What is going to come after neoliberalism?” It was the question on many radicals’ lips, present writer included, after the financial crisis hit in 2008. Though few were so sanguine about our prospects as to repeat the suicidal optimism of previous radical movements (“After Hitler, Our Turn!”), the feeling of the day was that the era of unfettered marketization was coming to a close. A new period of what was loosely referred to as Keynesianism would be the inevitable result of a crisis caused by markets run amok.Five years later, little has changed. What comes after neoliberalism? More neoliberalism, apparently. The prospects for a revived Left capable of confronting it appear grim.Me-me thinks it's a good question. The article deals with one Philip Mirowski's attempts to solve the puzzle. In his book Never Let a Serious Crisis Go to Waste: How Neoliberalism Survived the Financial Meltdown he deals with three issues: Neoliberalism's manipulation of ideas, the ways that our lives (and minds) have been shaped by immersion in neoliberalism, and the faulty analyses and tactics of the leftist opposition to it.
Apparently Mirowski says that left-wing analysis fails when it believes that neolibealism is about shrinking government. Neoliberalism is all about only shrinking SOME parts of government (the one's that protect us from the shocks of whatever rigged-version of capitalism we're living under) and very open about how the coercive aspects of the state and the functions of the state that protect the powerful are increased.
This is true. Just look at Thatcher in England, or Reagan, or any of those people. Look at the massive printing of money for bank bail-outs and stock-market fluffing of "Quantitative Easing."
With regards to our daily lives ...
At the same time as neoliberal commonsense trickles down from above, Mirowski argues that it also wells up from below, reinforced by our daily patterns of life. Social networking sites like Facebook encourage people to view themselves as perpetual cultural entrepreneurs, striving to offer a newer and better version of themselves to the world. Sites like LinkedIn prod their users to present themselves as a fungible basket of skills, adjustable to the needs of any employer, without any essential characteristics beyond a requisite subservience. Classical liberalism always assumes the coherent individual self as its basic unit. Neoliberalism, by contrast, sees people as little more than variable bundles of human capital, with no permanent interests or even attributes that cannot be remade through the market. For Mirowski, the proliferation of these forms of everyday neoliberalism constitute a “major reason the neoliberals have emerged from the crisis triumphant.”This is very persuasive. We have very much become prostitutes to capitalism. (I've been saying for a while, that we need to come up with a word that conveys what "prostitute" and "whore" are supposed to mean but without demeaning sex-workers who might not feel that they're disgracing themselves.)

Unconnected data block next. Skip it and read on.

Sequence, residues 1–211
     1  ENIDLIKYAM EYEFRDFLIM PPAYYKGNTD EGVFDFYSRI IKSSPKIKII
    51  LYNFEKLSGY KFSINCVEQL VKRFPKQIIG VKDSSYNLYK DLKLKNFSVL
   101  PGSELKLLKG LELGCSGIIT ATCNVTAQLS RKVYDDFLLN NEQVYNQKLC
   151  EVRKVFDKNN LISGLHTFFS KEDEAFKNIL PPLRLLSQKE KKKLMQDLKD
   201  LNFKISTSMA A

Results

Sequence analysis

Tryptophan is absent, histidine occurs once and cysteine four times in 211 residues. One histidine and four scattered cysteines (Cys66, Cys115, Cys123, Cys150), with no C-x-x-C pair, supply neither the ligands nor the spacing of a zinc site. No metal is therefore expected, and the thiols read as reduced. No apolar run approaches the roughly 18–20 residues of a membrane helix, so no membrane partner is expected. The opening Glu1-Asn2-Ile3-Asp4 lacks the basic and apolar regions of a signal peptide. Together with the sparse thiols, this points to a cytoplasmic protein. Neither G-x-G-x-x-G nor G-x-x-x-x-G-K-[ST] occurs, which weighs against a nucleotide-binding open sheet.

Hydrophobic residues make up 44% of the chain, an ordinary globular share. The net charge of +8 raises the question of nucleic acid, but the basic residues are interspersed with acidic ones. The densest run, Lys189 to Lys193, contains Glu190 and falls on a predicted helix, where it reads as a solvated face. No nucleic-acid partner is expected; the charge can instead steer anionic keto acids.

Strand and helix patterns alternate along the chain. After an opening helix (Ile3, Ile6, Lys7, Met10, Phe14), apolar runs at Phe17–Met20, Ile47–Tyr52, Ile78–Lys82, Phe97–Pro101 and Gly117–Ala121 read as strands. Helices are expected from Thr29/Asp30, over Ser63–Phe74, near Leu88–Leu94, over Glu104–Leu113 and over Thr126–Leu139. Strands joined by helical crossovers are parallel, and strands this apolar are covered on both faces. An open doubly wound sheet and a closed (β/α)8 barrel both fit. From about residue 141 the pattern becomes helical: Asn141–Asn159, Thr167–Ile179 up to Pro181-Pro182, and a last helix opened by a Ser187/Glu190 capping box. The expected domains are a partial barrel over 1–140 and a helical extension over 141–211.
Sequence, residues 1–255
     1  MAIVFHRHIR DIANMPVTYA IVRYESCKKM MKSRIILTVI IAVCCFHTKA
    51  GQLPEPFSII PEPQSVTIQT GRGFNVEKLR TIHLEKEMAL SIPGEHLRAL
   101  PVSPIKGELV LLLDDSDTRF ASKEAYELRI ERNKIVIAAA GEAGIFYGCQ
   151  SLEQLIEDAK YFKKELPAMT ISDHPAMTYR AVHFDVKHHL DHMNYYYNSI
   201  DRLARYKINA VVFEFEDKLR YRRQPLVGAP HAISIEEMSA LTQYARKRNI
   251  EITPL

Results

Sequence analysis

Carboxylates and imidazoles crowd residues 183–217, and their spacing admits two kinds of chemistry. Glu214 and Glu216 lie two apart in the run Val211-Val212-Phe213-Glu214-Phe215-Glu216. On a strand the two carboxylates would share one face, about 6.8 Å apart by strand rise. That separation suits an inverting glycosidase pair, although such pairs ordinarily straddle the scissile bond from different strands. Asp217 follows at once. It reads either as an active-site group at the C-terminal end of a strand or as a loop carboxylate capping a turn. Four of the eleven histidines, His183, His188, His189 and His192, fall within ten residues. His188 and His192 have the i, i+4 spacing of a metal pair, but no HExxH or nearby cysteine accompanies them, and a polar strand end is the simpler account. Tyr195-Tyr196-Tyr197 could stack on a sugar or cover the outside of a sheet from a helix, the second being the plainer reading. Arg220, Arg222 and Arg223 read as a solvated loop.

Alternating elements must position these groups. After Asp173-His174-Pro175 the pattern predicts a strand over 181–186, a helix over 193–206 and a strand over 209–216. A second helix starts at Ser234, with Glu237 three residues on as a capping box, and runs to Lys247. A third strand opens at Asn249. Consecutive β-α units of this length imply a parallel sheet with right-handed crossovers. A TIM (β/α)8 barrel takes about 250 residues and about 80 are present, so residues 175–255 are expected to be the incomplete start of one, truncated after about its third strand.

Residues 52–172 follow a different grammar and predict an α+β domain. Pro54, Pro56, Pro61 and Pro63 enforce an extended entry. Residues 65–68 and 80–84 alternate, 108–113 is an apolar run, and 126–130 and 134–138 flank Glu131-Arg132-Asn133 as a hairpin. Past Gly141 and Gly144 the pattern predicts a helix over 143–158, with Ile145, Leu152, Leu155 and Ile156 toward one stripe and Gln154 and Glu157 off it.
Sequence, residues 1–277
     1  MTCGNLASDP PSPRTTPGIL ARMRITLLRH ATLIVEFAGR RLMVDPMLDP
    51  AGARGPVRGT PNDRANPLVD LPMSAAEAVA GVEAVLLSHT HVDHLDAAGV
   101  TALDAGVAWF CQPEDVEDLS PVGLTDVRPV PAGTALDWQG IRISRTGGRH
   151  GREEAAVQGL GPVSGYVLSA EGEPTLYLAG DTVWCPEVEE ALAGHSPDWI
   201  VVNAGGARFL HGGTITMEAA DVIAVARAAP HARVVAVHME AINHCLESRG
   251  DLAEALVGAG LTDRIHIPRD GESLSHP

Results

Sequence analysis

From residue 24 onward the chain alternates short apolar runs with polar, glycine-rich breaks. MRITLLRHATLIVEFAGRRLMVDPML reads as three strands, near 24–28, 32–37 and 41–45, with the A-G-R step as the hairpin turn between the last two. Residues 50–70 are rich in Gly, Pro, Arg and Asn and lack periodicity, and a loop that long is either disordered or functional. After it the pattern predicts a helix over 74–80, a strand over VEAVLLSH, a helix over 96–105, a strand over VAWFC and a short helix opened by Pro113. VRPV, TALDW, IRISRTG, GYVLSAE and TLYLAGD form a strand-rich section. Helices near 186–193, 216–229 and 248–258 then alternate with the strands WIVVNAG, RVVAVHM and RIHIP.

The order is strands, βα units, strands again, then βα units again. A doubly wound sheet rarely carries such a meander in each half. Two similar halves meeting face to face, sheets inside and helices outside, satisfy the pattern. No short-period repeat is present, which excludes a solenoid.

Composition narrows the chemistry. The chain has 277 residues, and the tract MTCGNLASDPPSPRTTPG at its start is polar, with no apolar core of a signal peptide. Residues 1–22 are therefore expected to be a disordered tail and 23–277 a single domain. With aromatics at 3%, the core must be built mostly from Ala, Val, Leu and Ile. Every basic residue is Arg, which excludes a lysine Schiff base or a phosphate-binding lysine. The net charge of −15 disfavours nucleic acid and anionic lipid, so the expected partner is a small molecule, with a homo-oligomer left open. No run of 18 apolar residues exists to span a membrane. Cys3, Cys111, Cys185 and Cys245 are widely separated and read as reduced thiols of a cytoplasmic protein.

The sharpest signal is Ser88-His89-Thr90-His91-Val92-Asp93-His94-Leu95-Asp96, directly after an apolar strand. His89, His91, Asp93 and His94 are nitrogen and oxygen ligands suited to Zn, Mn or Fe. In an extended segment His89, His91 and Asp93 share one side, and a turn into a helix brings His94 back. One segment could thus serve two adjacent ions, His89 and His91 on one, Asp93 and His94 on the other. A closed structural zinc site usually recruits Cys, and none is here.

One of the other neat tricks of capitalism and the neoliberal version of it, is that all of its disasters are treated by its promoters as naturally occurring "corrections" that are the inevitable result of "market forces" and "creative destruction." But anything untoward that is a result of state planning and actions is an avoidable catastrophe. Proof that the state cannot intervene in the economy without ultimately destroying us all. "The state can't pick winners." Except for the example of Japan. "Tariffs impoverish everyone." Except the USA, Germany, Canada, ... all developed behind tariff protection. "Minimum wages cause unemployment." Except that they don't. "Tax-cuts spur investment." Except that they haven't.
It's also human nature. We on the left feel that our leftist parties lose when they water-down their progressive policies either to get elected, or, when they get elected and become overwhelmed with the power realities of governing. (Something radical leftists are also guilty of is discounting power realities.) Or else we think that we're being sabotaged by capitalists going "on strike." (Which sometimes happens. See "power realities" above.)
Look at how the insane right-wingers shamelessly try to spin how US invasions and meddling in the Arab World have been successes, except for the sabotage of Democrats, or incompetent Republicans, or (somehow) the peace movement, or whoever. (This is discounting the very real possibility that the goal of the US foreign policy elites is that the Middle East should be a disaster; thereby justifying the military-industrial complex as well as nullifying the abilities of independent-minded Arab leaders like Qaddafi, Assad, Saddam to challenge US hegemony.)
It's the same thing with their ass-hat economic policies of corruption, theft, crises and austerity. Even though the financial elites have done very well from their policies of corruption, crisis bail-outs and austerity for everyone else, the fact of the matter is that they're ruinous in the long-run. But just like all of us live our lives hoping against hope that "It's going to be alright," so to, do elites. And they have more reason to delude themselves about this than we do; what with their fine clothes, fine houses, enormous bank accounts, and the serenity of being in beautiful places enjoying beautiful things all the time.
I was going to say something about genuine successes and falures of the neoliberals and their opponents, but I've started and stopped this thing so many times that I've lost interest.